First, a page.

With the demand for books describing the rise of China and regional dynamics in Asia, more and more translations of works from Asian thinkers have been making it into English. Back in 2015, Shiraishi Takashi, professor and prominent foreign policy commentator in the daily newspapers of Japan, gave a series of influential lectures that were collected and edited into a book. Maritime Asia vs Continental Asia: National Strategies in a Region of Change presents a framework for examining the changing political environment in Asia.
The author highlights key trends, suggesting ways Japan can navigate this new Asia framed along maritime and continental lines. This English translation provides a rare glimpse into how Japanese thought leaders view Japan’s role in the face of a strengthened China. The 2008-2009 financial crisis dispelled any remaining confidence in regional American primacy, opening a gap for China to try and step into. This shift in geopolitics saw Japan, once perfectly content as merely an economic actor working in the background, now pushed onto the frontline of China’s growing power.
Shiraishi positions himself not as a traditional realist or liberal internationalist, claiming his methodological approach is one of “eclecticism.” He writes: “the theory of hegemonic shifts tilts rather too far toward realism” and “to assume that states can act and think rationally and logically simply does not accord with reality.” Despite raising these objections, the content of his book heavily leans on traditional realist paradigms, concluding that 21st-century Japan should engage in “politics of power and balancing”.
The book is divided into four sections. The first is a familiar macroeconomic analysis of a rising East and declining West, the familiar “Asian Century” narrative. Here Shiraishi lays the bed for seeds of risks to look out for and mitigate. For example, he identifies wealth disparity as political risk: economic development leads to rising expectations of the population which need to be addressed through wealth transfer. Another risk for national strategy makers is falling into the middle income trap. Shiraishi points out that “economic growth… will have an impact on the balance of power” giving the orthodox view that macroeconomic policy is key to a national strategy. Countries must pursue policies to improve their position in global value chains while avoiding policies that may cause the flight of investment.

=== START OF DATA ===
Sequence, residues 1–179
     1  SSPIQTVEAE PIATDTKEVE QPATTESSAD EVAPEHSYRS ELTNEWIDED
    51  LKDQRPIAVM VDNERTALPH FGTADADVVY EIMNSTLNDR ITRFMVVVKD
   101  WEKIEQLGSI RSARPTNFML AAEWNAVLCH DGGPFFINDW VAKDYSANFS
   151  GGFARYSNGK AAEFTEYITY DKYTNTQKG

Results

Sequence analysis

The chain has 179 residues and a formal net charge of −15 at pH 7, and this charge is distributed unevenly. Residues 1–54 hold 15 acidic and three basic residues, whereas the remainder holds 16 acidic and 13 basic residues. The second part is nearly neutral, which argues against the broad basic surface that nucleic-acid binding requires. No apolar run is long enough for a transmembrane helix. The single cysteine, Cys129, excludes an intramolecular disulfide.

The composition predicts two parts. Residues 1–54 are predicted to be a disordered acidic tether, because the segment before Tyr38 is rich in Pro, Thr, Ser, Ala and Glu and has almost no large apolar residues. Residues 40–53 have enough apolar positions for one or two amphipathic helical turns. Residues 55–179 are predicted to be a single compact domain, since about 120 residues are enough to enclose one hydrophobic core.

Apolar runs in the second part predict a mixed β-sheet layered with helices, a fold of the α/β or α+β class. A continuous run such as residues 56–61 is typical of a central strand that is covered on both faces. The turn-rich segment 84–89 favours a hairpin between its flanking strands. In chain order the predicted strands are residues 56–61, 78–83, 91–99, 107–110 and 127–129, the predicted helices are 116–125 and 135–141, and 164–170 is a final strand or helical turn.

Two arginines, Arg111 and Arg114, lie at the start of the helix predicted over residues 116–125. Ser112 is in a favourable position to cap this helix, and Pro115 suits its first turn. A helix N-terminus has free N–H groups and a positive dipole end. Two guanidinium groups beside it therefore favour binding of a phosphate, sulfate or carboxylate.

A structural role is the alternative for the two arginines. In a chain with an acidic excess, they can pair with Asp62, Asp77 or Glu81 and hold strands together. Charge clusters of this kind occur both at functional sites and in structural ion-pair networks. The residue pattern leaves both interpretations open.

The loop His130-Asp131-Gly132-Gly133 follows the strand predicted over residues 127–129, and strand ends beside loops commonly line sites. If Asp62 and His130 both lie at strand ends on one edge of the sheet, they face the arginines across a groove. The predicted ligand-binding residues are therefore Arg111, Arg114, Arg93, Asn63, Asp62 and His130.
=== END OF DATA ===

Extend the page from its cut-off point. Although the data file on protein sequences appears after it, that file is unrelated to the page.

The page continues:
The middle sections cover the current status of the United States and China, and a number of ASEAN states respectively. Unfortunately, as the original Japanese version of the book was published in 2015, this new release misses the transformative years of the Trump and Xi regimes. For this English-language edition it would have been well worth the effort of adding an addendum for as the subtitle of the book suggests, Asia is a “region of change.”
Shiriaishi concludes with a consideration of Japan’s place amongst the dynamic Asian context presented in the book. He argues Japan must come up with a “grand strategy”. No longer the region’s foremost economic power, Japan still can lead in the rebalancing of Asia. Among other things, Shiraishi suggests moving the regional security architecture away from the US-centric hub-and-spokes system, established in the 1950s, to a network of alliances. Japan has been actively following this suggestion under the Free and Open Indo-Pacific banner. Japan also looks to have followed Shiraishi’s line in strengthening the global financial order by bringing the Trans-Pacific Partnership (TPP) to completion as the Comprehensive and Progressive Agreement for Trans-Pacific Partnership (CPTPP) after the Trump Administration backed out the United States in 2017.
Shiraishi has long been an influential voice in mainstream Japanese foreign policy thought, and so it is not surprising to find, six years after its original publication, that the Japanese government has generally followed his script. The one piece of Shiraishi’s advice Japan has yet to follow is facing up to its own imperialist and colonial past. As an acclaimed scholar working on Southeast Asia for decades, Shiraishi is very familiar with this topic, and the book urges reconciliation in its final pages.
Despite six years having passed since the original publication, this English edition of Maritime Asia vs Continental Asia contains useful insight into establishment Japanese thought. Beyond that there are some interesting ideas worthy of further exploration. Buried amid the theoretical scaffolding of the first chapter is a fascinating account of how uneven urbanization is creating new regional hub cities which compete with one another across transnational lines, effectively dissipating centralized power. However, despite his “eclectic” methodology, Shiraishi’s thesis is not particularly novel, essentially arguing that in this transformative era Japan must step up and fight to maintain the status quo—the customary clarion call of a declining power.